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The oldest Christopher Columbus monument in the US was desecrated. You already know why.

Image source: TheBlaze

Vandals severely damaged the oldest Christopher Columbus monument in the United States on Sunday night in the name of protesting white supremacy.

A video of the incident was shared to YouTube, and featured several people congregating around the monument in Baltimore. One of those involved in the vandalism can be seen striking the monument repeatedly with a sledgehammer, while another in attendance held a sign that read, "Racism, tear it down."

A second sign was taped to the monument, which read, "The future is racial and economic justice."

"Christopher Columbus symbolizes the initial invasion of European capitalism into the Western Hemisphere," the video's narrator — a man who identified himself as "Ty" — said. "Columbus initiated a centuries-old wave of terrorism, murder, genocide, rape, slavery, ecological degradation and capitalist exploitation of labor in the Americas."

He added, "That Columbian wave of destruction continues on the backs of Indigenous, African-American and brown people."

"The culture of white supremacy preceded the United States," the man in the video said. "It’s at the foundation of U.S. culture, business, bureaucracies, and psychology. Observe how vehemently Republican and Democratic misleaders defend genocidal terrorists like Christopher Columbus and George Washington."

The Baltimore Police Department acknowledged the vandalism and announced that it is investigating the incident.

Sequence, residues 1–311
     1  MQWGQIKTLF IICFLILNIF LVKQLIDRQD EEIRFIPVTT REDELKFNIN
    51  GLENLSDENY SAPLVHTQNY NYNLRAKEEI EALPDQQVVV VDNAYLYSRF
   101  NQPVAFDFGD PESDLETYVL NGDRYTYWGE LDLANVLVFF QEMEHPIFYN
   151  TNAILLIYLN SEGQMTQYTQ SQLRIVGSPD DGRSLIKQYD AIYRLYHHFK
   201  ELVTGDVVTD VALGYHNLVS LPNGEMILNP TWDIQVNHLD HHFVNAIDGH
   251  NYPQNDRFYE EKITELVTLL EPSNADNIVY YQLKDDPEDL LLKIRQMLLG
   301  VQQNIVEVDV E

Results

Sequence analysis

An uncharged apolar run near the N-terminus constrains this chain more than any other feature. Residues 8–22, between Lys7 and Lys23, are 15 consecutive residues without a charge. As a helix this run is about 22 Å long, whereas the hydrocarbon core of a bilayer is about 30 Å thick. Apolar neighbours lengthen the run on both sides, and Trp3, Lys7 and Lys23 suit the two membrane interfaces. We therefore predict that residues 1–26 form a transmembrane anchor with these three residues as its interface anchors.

The statue's history

The statue is 225 years old, and is the oldest monument to Columbus in the United States.

The statue is located at Harford Road and Walther Avenue in northeast Baltimore, and at 40 feet tall, the obelisk is also said to be the oldest of its kind in the world.

Prior to the plaque's destruction, insignia on the statue read, "Sacred to the Memory of Chris. Columbus Octob. XII MDCC VIIIC," and was erected in 1792.

Why Christopher Columbus?

Columbus has become an increasingly polarizing figure over the last several decades, with many cities around the U.S. renaming "Columbus Day" as "Indigenous Peoples' Day" instead.

Many over the years have argued that Columbus isn't worthy of American commemoration, and claim that honoring him is a celebration of colonialism, and an infringement on indigenous North American peoples' lands. Some have even argued that Columbus himself was responsible for murder and slavery.

See the full video featuring the attack on the obelisk below.

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